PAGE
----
Thirdly, if he has committed a sin to which an irregularity is attached; wherefore it is said in the same Distinction (OBJ[3]), quoting the council of Pope Martin [*Martin, bishop of Braga]: "If a man marry a widow or the relict of another, he must not be admitted to the ranks of the clergy: and if he has succeeded in creeping in, he must be turned out. In like manner, if anyone after Baptism be guilty of homicide, whether by deed, or by command, or by counsel, or in self-defense." But this is in consequence not of sin, but of irregularity.

Fourthly, on account of scandal, wherefore it is said in the same Distinction (OBJ[3]): "Those who have been publicly convicted or caught in the act of perjury, robbery, fornication, and of such like crimes, according to the prescription of the sacred canons must be deprived of the exercise of their respective orders, because it is a scandal to God's people that such persons should be placed over them. But those who commit such sins occultly and confess them secretly to a priest, may be retained in the exercise of their respective orders, with the assurance of God's merciful forgiveness, provided they be careful to expiate their sins by fasts and alms, vigils and holy deeds." The same is expressed (Extra, De Qual. Ordinand.): "If the aforesaid crimes are not proved by a judicial process, or in some other way made notorious, those who are guilty of them must not be hindered, after they have done penance, from exercising the orders they have received, or from receiving further orders, except in cases of homicide."

Reply to Objection 1: The same is to be said of the recovery of virginity as of the recovery of innocence which belongs to man's secondary dignity in the sight of God.

Reply to Objection 2: In these words Jerome does not say that it is impossible, but that it is difficult, for man to recover his former dignity after having sinned, because this is allowed to none but those who repent perfectly, as stated above. To those canonical statutes, which seem to forbid this, Augustine replies in his letter to Boniface (Ep. clxxxv): "If the law of the Church forbids anyone, after doing penance for a crime, to become a cleric, or to return to his clerical duties, or to retain them the intention was not to deprive him of the hope of pardon, but to preserve the rigor of discipline; else we should have to deny the keys given to the Church, of which it was said: 'Whatsoever you shall loose on earth shall be loosed in heaven.'" And further on he adds: "For holy David did penance for his deadly crimes, and yet he retained his dignity; and Blessed Peter by shedding most bitter tears did indeed repent him of having denied his Lord, and yet he remained an apostle. Nevertheless we must not deem the care of later teachers excessive, who without endangering a man's salvation, exacted more from his humility, having, in my opinion, found by experience, that some assumed a pretended repentance through hankering after honors and power."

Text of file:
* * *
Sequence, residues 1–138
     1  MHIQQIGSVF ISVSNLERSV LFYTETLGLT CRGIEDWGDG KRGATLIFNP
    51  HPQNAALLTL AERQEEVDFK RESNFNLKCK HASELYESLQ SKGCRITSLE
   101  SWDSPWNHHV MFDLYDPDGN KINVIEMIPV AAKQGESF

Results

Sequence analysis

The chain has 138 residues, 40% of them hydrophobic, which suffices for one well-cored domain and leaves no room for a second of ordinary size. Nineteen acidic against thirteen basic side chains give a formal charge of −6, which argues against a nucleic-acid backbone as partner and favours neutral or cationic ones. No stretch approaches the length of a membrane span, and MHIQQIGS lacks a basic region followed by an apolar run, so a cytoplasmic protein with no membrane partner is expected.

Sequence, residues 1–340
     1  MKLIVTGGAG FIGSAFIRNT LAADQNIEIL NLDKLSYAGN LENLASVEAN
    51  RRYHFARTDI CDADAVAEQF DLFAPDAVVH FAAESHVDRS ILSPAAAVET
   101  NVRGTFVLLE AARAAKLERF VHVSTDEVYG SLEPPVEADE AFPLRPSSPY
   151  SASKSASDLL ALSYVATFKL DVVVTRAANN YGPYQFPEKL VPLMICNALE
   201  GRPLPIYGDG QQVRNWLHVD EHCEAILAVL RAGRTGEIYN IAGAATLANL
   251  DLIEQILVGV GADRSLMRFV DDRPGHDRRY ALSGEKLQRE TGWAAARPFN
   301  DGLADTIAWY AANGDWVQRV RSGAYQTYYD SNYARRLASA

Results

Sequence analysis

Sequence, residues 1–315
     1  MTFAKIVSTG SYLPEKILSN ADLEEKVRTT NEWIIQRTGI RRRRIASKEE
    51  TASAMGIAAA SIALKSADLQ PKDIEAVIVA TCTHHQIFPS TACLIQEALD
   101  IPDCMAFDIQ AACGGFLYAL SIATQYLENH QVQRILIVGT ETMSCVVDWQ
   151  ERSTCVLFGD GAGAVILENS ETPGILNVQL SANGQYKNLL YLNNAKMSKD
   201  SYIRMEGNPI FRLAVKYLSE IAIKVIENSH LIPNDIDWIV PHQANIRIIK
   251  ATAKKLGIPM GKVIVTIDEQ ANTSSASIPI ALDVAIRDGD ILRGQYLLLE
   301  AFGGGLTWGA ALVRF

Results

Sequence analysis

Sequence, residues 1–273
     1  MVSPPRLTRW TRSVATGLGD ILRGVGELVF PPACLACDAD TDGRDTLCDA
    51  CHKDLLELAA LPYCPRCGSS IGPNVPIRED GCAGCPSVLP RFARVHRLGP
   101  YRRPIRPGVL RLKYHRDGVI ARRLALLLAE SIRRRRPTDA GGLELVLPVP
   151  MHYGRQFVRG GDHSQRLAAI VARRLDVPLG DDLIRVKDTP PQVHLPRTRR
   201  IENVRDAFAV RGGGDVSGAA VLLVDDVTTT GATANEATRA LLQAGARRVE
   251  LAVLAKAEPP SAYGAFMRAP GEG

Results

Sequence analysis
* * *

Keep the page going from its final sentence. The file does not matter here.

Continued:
Reply to Objection 3: This statute is to be understood as applying to those who do public penance, for these cannot be promoted to a higher order. For Peter, after his denial, was made shepherd of Christ's sheep, as appears from Jn. 21:21, where Chrysostom comments as follows: "After his denial and repentance Peter gives proof of greater confidence in Christ: for whereas, at the supper, he durst not ask Him, but deputed John to ask in his stead, afterwards he was placed at the head of his brethren, and not only did not depute another to ask for him, what concerned him, but henceforth asks the Master instead of John."